BEIJING: China will set up a new national financial regulatory body, replacing its banking and insurance watchdog, as part of a government overhaul announced on Tuesday that includes plans for a national data bureau.
The financial regulation proposal, presented to China’s parliament during its annual meeting, would bring oversight of the industry, excluding the securities sector, into an administration directly under the State Council, or cabinet.
Under the new set-up, the China Banking and Insurance Regulatory Commission (CBIRC) will be abolished, with its responsibilities moved to the new administration along with certain functions of the central bank and securities regulator.
As part of the wider government revamp, staff numbers at central level state institutions will be cut by 5%.
“The overhaul of financial regulation framework reflects the new focus on ‘dual circulation’ – both domestic and global circulation of the economy – and ‘uniform national markets’,” said Winston Ma, an adjunct professor at New York University law school.
“Going forward, different financing markets – equity, debt, and insurance – are set to be regulated in a more holistic way, and at the same time financial markets regulation and industry policy making are more integrated than before,” he said.
The legislature will vote on the institutional reform plan on Friday.
China’s financial sector is currently overseen by the People’s Bank of China (PBOC), the CBIRC, and the China Securities Regulatory Commission (CSRC), with the cabinet’s Financial Stability and Development Committee having overall purview.
The new administration will “strengthen institutional supervision, supervision of behaviours and supervision of functions”, according to the plan.
Under the existing set-up, the CBIRC combined the equivalent functions of the Office of the Comptroller of the Currency (OCC) and the Federal Deposit Insurance Corp (FDIC) in the United States, with some regulatory role held by the central bank, said Li Nan, professor of finance at Shanghai Jiaotong University.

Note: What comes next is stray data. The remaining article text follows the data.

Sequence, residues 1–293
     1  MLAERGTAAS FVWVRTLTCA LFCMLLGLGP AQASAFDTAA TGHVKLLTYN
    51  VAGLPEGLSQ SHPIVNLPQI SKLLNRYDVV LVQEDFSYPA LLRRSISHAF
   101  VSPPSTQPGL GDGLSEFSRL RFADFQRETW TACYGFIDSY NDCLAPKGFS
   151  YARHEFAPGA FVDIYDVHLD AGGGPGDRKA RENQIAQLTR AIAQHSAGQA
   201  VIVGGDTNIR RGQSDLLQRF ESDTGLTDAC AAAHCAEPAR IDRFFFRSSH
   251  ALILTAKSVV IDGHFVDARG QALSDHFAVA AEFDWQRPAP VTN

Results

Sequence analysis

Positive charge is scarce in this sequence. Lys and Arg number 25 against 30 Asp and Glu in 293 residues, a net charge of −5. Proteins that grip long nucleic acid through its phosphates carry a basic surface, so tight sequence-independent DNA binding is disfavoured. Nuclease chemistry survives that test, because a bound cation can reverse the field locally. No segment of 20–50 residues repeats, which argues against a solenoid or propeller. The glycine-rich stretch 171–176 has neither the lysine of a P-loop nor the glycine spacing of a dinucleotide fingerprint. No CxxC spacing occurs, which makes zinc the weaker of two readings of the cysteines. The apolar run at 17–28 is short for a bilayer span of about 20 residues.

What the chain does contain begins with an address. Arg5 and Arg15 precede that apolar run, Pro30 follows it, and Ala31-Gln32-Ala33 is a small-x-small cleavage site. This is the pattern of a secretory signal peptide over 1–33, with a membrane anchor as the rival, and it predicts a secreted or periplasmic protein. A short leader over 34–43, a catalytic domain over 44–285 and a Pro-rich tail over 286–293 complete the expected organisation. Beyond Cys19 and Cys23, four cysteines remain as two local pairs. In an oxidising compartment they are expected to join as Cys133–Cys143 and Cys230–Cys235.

“Now all of those regulatory functions are with the new bureau, which is basically CBIRC with some regulatory role taken back from PBOC and CSRC, which makes perfect sense,” she said.
“And the PBOC will become more focused on monetary policy afterwards, which resembles what the Fed does,” she said.
Last week, President Xi Jinping renewed his call for ambitious reforms of party and state institutions. Xi clinched a precedent-breaking third leadership term during a party congress in October, sealing his status as China’s most powerful ruler since Mao Zedong.
The government will also set up a bureau responsible for coordinating the sharing and development of data resources, according to a plan submitted to parliament.
The proposed bureau will be run by the powerful state planner, the National Development and Reform Commission (NDRC), and absorb some of the functions of the Office of the Central Cyberspace Affairs Commission, which oversees China’s internet.
The new bureau’s functions will include the exchange of information resources across industries and promoting smart cities.
China has in recent years strengthened oversight over data, motivated by fears that unchecked collection by private firms could allow rival state actors to weaponise information on infrastructure and other national interests, and the belief that data has become a strategic economic resource.
One source at a big Chinese tech firm said the initial impression was that the bureau would be mainly tasked with cultivating the data market and that regulatory functions would remain with bodies such as the Cyberspace Administration of China.